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How Do


If you follow job ads in China closely, you will soon find there is no lack of work in sight for "native teachers/writers/consultants", provided they come from the US, Canada, Australia or another "English-speaking" countries. But what about the "non-native" foreigners in China? How do they find a job here?


Play the Part

Pretend to be a native speaker. You may be required to say that you come from one of the "highly-rated" English speaking countries. If you have the necessary language skills and no distinctive accent, playing the part can open up a lot of opportunities in the education industry (from kindergartens to corporate training) and can be, at least a foot in the door of the Chinese employment market.

Note: You should be aware that this route is by no means legal, and as such there will be no protections for you, should your relationship with your employer head south.


To sell or not to sell

Occasionally, you'll come across a job offer asking for a person of a specific nationality. These are mainly ads for sales representatives, who will be tasked with finding customers in their home countries.

Unfortunately, the positions in the sales industry are commission-based, with the standard salary often being quite low. But if your goal is to make a career in the import/export business or learn the ropes for starting your own company, this may be the way in.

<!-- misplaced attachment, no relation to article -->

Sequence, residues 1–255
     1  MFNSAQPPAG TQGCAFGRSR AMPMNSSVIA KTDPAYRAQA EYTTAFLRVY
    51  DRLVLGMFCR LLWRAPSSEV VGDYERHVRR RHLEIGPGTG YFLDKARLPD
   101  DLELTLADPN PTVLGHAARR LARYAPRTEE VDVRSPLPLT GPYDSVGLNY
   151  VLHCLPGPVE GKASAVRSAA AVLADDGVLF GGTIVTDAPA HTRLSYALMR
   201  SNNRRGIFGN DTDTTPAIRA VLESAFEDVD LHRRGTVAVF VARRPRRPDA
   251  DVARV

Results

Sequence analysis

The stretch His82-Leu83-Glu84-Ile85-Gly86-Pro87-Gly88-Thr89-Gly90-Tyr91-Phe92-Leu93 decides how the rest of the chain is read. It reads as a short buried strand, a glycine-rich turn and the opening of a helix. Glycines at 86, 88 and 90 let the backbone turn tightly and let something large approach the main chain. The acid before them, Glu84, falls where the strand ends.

Do you have a skill?

As strange as it sounds, you may be ignoring a long-forgotten skill that can turn out to be very helpful. It could be a sport, something you learned in art class, above-average IT abilities or design. This may be the perfect place to turn your beloved hobby into a money-making enterprise.

For example, a normal Russian university student with a passion for video games who went on to create an in-house gaming center in China, teaching other enthusiasts the tricks of the trade. 


Hunt jobs at home

Scan the job ads back home for companies looking to expand into Chinese markets or already working here. They may well be in need of professionals already based in China, who could save them the cost of bringing people over. And if you have lived in China for a while, your experience and/or language skills could also be considered as a valuable asset.

Job websites for foreigners:


  • (Guangzhou)

  • AsiaExpat (Shanghai, Beijing, Guangzhou)

  • (Beijing)

  • JobLeadChina




Most foreigners are well acquainted with Taobao as customers, but an increasing number are beginning to use it as a business platform as well.

While it's fairly easy to set up a Taobao shop, it's important to keep in mind that you will likely need local help to deal with the import regulations as well as a trusted assistant to help with customer service and other minor issues.

Do you have other ideas of hunting jobs in China? Tell us your ideas!

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